Poll Shows Split Over Repeal of Health Reform Law, Reflecting Divisions in Congress
Online survey also reveals support for keeping key provisions as the law rolls out over time.
Poll results released Dec. 6 by market research firm Harris Interactive and health news syndicator HealthDay indicate that 40 percent of American adults want to repeal all or most of the health care reform package that was signed into law in March 2010. However, 31 percent of respondents favor keeping all or most of the law's provisions, and another 29 percent aren't sure what should be done.
The pollsters said the conflicting views reflect divisions in Congress, where Republicans will take control of the House of Representatives in January following election gains at the polls last month. Many Republican representatives have pledged to dismantle or curtail the law.
At the same time, many of those who want the law repealed favor keeping many of its key components. Specifically, nearly two-thirds of poll respondents like that the law prevents insurers from denying coverage to people with pre-existing conditions. Sixty percent want to keep the provision of tax credits for small businesses that provide their employees with health insurance. And just over half support the law for allowing children to remain on their parents insurance until they are 26.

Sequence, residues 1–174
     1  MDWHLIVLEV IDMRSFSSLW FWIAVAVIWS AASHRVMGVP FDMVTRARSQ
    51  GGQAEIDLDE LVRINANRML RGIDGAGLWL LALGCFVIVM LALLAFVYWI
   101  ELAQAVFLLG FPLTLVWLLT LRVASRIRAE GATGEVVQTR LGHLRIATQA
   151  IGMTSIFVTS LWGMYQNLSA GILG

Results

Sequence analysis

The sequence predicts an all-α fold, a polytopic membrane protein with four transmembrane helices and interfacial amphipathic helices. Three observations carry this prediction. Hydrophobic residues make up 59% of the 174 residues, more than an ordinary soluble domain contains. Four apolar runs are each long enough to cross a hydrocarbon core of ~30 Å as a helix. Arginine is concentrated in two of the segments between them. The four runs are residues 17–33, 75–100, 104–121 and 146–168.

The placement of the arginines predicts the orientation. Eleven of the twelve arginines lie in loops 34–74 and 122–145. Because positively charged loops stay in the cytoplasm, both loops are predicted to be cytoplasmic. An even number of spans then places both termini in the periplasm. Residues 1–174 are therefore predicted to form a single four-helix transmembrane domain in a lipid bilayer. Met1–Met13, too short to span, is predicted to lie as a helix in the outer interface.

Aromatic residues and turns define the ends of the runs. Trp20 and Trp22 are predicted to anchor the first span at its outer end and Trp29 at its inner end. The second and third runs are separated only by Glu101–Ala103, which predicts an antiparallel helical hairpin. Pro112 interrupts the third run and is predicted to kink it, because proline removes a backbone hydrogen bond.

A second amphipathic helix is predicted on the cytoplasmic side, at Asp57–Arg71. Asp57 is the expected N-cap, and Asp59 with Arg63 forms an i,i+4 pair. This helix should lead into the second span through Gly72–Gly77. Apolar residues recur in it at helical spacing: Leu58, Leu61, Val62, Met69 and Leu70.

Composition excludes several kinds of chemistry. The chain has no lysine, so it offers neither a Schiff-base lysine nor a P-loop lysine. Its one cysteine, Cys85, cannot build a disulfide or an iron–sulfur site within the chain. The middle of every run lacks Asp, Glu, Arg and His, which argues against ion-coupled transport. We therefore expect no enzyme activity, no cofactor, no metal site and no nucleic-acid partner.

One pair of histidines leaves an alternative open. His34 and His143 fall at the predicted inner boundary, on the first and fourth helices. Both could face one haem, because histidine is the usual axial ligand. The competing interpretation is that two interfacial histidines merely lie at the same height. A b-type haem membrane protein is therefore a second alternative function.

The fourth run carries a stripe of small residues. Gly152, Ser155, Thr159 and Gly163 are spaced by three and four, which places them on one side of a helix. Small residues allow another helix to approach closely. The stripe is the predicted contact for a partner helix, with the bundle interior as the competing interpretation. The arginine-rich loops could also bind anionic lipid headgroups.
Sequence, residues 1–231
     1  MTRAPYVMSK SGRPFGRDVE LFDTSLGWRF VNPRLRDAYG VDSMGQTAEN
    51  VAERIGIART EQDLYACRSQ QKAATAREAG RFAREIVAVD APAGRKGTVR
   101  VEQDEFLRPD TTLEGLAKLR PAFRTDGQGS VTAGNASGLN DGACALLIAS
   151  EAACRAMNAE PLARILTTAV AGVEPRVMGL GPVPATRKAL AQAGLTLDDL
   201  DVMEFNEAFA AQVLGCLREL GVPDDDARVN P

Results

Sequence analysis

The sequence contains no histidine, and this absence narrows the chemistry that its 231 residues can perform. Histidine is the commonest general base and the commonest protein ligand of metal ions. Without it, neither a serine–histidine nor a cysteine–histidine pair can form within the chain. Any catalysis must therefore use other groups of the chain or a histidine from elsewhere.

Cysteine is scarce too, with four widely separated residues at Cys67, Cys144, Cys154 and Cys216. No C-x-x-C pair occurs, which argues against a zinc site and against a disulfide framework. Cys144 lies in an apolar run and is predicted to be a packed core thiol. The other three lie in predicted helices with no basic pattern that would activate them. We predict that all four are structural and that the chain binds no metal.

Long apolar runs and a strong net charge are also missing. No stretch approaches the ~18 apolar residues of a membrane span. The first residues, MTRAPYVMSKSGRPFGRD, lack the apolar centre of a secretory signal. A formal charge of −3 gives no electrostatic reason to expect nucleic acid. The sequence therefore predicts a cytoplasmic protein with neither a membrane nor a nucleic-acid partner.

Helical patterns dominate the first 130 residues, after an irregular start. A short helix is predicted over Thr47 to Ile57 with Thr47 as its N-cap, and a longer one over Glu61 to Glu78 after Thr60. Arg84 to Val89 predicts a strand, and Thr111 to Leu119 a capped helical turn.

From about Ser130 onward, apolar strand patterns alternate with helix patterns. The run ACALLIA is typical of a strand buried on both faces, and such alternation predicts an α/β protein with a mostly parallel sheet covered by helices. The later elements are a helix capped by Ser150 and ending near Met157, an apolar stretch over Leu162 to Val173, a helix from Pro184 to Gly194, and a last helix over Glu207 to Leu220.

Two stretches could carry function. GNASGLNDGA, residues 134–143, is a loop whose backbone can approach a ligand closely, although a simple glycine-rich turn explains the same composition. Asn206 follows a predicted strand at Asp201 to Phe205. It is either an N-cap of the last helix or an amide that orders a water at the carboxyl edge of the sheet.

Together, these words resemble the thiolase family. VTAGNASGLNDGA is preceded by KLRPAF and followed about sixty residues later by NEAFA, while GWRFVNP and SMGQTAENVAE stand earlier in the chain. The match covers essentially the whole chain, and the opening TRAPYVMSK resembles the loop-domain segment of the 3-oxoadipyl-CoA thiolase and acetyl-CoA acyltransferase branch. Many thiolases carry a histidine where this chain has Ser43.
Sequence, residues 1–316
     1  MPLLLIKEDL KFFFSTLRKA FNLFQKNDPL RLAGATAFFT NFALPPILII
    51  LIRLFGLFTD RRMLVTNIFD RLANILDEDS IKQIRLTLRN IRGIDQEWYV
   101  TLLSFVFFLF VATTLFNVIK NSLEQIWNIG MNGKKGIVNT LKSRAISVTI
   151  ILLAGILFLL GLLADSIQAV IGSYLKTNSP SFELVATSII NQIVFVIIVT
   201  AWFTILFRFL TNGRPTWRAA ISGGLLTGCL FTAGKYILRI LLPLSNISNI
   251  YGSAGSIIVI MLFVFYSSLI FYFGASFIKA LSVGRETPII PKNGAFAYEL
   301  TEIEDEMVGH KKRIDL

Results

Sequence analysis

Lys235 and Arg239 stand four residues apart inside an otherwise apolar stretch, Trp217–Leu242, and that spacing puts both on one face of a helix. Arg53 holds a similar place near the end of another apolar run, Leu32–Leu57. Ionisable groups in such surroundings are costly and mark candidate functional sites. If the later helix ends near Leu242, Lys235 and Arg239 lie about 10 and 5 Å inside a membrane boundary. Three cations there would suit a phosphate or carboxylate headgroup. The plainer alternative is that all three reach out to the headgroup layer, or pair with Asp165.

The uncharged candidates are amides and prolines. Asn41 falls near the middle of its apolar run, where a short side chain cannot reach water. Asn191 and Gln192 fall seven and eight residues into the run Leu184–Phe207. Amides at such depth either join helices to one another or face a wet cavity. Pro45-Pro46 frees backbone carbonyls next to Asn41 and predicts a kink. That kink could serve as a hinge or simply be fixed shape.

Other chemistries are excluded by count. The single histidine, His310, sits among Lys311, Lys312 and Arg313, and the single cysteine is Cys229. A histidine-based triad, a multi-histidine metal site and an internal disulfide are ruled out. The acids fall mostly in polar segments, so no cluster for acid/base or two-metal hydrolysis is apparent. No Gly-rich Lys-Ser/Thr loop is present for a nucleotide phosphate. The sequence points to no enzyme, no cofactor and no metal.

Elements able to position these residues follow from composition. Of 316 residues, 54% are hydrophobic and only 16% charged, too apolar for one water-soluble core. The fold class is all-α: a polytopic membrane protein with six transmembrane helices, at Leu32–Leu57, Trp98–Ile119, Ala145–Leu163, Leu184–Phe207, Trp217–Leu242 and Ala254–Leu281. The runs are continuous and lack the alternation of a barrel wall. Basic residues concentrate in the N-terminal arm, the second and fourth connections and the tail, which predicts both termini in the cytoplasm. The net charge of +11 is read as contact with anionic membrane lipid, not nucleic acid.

The poll surveyed 2,019 adults online between Nov. 19-23, 2010. Harris Interactive and HealthDay said figures for age, sex, race/ethnicity, education, region and household income were weighted where necessary to bring them into line with their actual proportions in the U.S. population.
"Additional poll results indicate that many Americans want to repeal the bill not because they dislike the specifics, but because they feel it is an expensive expansion of an already big government," said Humphrey Taylor, chairman of The Harris Poll, Harris Interactive's public opinion poll. Taylor noted that 81 percent believe the law will result in higher taxes, could lead to rationing of health care (74 percent), and could reduce the quality of care they will receive (77 percent).
Perhaps part of the explanation for this paradox was seen in a previous Harris Interactive/HealthDay poll, which discovered that Americans have little knowledge of the specifics of the more than 2,500-page law. "There's a substantial gap in the general public understanding, [but] the more informed people are, the more they understand," said Thomas R. Oliver, professor of population health sciences at the University of Wisconsin School of Medicine and Public Health in Madison.
"I think this suggests that as the public becomes more familiar with the law and how it will benefit them and their families, support will probably climb," said Sara Collins, vice president for Affordable Health Insurance at The Commonwealth Fund. She continued, "There's just a lag while immediate provisions are rolling out like young-adult coverage."